Other examples of business models are:
Auction business model
All-in-one business model
Low-cost carrier business model
Loyalty business models
Monopolistic business model
Multi-level marketing business model
Network effects business model
Online auction business model
Online content business model
Online media cooperative
Premium business model
Professional open-source model
Pyramid scheme business model
Razor and blades model
Servitization of products business model
Subscription business model
Network Orchestrators Companies
Virtual business model
A business model design template can facilitate the process of designing and describing a company's business model.
Although Webvan failed in its goal of disintermediating the North American supermarket industry, several supermarket chains (like Safeway Inc.) have launched their own delivery services to target the niche market to which Webvan catered.
Example of Business Model Canvas.
Technology centric communities have defined "frameworks" for business modeling. These frameworks attempt to define a rigorous approach to defining business value streams. It is not clear, however, to what extent such frameworks are actually important for business planning. Business model frameworks represent the core aspect of any company; they involve "the totality of how a company selects its customers defines and differentiates its offerings, defines the tasks it will perform itself and those it will outsource, configures its resource, goes to market, creates utility for customers, and captures profits".
A business framework involves internal factors (market analysis; products/services promotion; development of trust; social influence and knowledge sharing) and external factors (competitors and technological aspects).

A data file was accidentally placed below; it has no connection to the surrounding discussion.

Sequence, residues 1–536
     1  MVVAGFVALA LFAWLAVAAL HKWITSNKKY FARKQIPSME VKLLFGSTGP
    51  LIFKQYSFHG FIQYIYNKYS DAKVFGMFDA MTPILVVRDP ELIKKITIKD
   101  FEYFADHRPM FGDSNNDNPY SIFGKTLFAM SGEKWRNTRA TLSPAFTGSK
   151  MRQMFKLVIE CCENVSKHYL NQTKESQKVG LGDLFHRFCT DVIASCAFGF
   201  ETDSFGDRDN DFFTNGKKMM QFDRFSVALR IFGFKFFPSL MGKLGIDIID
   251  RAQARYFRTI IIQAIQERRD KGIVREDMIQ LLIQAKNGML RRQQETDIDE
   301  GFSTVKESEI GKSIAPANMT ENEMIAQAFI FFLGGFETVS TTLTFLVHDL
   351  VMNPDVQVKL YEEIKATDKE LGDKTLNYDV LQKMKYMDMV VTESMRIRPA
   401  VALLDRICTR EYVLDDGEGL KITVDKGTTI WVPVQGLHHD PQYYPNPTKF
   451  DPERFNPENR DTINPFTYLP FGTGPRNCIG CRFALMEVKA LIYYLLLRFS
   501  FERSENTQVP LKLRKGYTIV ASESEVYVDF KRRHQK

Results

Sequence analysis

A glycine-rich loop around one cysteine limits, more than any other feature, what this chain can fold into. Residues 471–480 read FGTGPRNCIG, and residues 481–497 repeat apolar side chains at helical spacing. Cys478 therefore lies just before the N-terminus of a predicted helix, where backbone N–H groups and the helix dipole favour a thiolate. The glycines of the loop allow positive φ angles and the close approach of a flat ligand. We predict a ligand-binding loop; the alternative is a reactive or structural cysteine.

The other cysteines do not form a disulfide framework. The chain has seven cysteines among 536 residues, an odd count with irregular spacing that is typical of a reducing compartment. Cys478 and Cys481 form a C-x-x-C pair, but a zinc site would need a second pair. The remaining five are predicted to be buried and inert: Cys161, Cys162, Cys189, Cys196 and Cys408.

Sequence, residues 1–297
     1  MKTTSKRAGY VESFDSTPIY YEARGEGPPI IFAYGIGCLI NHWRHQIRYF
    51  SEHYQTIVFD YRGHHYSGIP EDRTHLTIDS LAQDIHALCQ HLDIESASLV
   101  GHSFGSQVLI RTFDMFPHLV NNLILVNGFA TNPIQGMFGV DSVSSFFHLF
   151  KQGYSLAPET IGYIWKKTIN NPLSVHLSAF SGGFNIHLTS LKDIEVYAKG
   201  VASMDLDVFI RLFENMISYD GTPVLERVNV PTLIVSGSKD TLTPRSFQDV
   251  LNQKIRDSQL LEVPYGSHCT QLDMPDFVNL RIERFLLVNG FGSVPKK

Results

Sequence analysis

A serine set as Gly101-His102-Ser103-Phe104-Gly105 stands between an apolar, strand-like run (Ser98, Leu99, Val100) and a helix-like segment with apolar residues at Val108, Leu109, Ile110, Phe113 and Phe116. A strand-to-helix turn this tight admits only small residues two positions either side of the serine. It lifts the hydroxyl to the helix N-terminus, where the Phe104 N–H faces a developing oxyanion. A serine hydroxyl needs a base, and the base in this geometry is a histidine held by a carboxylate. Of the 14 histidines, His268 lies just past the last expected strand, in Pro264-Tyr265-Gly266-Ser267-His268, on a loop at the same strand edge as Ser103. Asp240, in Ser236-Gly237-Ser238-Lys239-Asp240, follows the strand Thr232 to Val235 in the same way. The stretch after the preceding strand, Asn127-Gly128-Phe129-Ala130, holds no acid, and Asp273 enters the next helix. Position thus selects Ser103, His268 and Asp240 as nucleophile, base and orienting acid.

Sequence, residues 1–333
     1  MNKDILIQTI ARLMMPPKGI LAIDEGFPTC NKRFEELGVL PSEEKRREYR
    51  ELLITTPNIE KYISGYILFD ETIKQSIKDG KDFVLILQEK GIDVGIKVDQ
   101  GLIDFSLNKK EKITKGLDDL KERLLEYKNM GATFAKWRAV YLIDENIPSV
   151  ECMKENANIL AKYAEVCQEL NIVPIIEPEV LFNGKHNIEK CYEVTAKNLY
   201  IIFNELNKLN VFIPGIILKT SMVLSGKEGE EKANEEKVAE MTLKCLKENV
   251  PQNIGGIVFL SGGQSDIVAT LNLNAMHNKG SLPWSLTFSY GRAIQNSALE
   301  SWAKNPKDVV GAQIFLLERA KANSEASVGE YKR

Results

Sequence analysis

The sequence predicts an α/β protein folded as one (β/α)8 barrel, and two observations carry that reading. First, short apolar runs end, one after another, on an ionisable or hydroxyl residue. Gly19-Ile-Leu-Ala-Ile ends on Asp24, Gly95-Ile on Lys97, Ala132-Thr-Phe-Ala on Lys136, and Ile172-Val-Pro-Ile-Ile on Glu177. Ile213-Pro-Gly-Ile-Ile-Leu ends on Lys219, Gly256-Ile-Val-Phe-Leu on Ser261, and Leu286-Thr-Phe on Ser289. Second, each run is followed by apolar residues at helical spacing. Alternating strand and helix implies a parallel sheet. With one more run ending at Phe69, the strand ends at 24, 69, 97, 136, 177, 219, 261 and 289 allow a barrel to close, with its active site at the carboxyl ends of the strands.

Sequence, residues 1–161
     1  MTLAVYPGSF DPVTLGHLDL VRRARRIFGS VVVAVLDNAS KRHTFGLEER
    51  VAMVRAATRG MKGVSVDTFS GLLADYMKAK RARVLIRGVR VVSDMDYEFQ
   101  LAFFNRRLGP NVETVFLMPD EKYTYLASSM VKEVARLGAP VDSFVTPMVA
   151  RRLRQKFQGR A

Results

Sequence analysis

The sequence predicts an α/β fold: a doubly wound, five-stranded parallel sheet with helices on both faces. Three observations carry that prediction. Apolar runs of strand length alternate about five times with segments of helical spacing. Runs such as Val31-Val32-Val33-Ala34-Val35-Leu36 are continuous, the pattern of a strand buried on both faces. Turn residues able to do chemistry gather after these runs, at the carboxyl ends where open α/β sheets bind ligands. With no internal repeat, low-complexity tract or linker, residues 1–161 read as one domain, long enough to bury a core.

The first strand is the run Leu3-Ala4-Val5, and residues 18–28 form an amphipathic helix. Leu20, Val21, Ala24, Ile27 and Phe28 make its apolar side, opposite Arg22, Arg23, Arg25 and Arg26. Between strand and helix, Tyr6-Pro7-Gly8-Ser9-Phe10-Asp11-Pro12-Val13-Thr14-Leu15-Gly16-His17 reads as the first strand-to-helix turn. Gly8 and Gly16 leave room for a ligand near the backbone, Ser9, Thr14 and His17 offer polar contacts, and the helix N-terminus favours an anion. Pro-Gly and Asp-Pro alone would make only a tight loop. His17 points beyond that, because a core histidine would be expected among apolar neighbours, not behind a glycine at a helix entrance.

A review on business model frameworks can be found in Krumeich et al. (2012). In the following some frameworks are introduced.
Business reference model
Business reference model is a reference model, concentrating on the architectural aspects of the core business of an enterprise, service organization or government agency.
Component business model
Technique developed by IBM to model and analyze an enterprise. It is a logical representation or map of business components or "building blocks" and can be depicted on a single page. It can be used to analyze the alignment of enterprise strategy with the organization's capabilities and investments, identify redundant or overlapping business capabilities, etc.
Industrialization of services business model
Business model used in strategic management and services marketing that treats service provision as an industrial process, subject to industrial optimization procedures
Business Model Canvas
Developed by A. Osterwalder, Yves Pigneur, Alan Smith, and 470 practitioners from 45 countries, the business model canvas is one of the most used frameworks for describing the elements of business models.
The OGSM is developed by Marc van Eck and Ellen van Zanten of Business Openers into the 'Business plan on 1 page'. Translated in several languages all over the world. #1 Management book in The Netherlands in 2015. The foundation of Business plan on 1 page is the OGSM. Objectives, Goals, Strategies and Measures (dashboard and actions).